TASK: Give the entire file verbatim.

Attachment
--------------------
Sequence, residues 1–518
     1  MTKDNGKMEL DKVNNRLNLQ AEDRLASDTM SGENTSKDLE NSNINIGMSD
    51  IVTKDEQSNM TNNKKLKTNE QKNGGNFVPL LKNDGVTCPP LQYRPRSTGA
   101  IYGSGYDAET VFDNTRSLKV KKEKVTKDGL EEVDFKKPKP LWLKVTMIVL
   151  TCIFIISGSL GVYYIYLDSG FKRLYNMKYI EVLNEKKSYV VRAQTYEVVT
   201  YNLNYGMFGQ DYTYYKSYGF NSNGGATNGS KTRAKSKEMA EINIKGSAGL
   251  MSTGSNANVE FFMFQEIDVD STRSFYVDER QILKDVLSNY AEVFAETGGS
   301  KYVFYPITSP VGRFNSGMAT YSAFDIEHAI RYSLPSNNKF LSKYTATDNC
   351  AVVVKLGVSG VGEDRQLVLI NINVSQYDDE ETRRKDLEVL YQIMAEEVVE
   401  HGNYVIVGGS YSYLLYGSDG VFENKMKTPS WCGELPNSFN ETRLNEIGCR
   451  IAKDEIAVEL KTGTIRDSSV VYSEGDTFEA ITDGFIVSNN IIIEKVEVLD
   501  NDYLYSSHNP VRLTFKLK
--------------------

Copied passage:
Sequence, residues 1–518
     1  MTKDNGKMEL DKVNNRLNLQ AEDRLASDTM SGENTSKDLE NSNINIGMSD
    51  IVTKDEQSNM TNNKKLKTNE QKNGGNFVPL LKNDGVTCPP LQYRPRSTGA
   101  IYGSGYDAET VFDNTRSLKV KKEKVTKDGL EEVDFKKPKP LWLKVTMIVL
   151  TCIFIISGSL GVYYIYLDSG FKRLYNMKYI EVLNEKKSYV VRAQTYEVVT
   201  YNLNYGMFGQ DYTYYKSYGF NSNGGATNGS KTRAKSKEMA EINIKGSAGL
   251  MSTGSNANVE FFMFQEIDVD STRSFYVDER QILKDVLSNY AEVFAETGGS
   301  KYVFYPITSP VGRFNSGMAT YSAFDIEHAI RYSLPSNNKF LSKYTATDNC
   351  AVVVKLGVSG VGEDRQLVLI NINVSQYDDE ETRRKDLEVL YQIMAEEVVE
   401  HGNYVIVGGS YSYLLYGSDG VFENKMKTPS WCGELPNSFN ETRLNEIGCR
   451  IAKDEIAVEL KTGTIRDSSV VYSEGDTFEA ITDGFIVSNN IIIEKVEVLD
   501  NDYLYSSHNP VRLTFKLK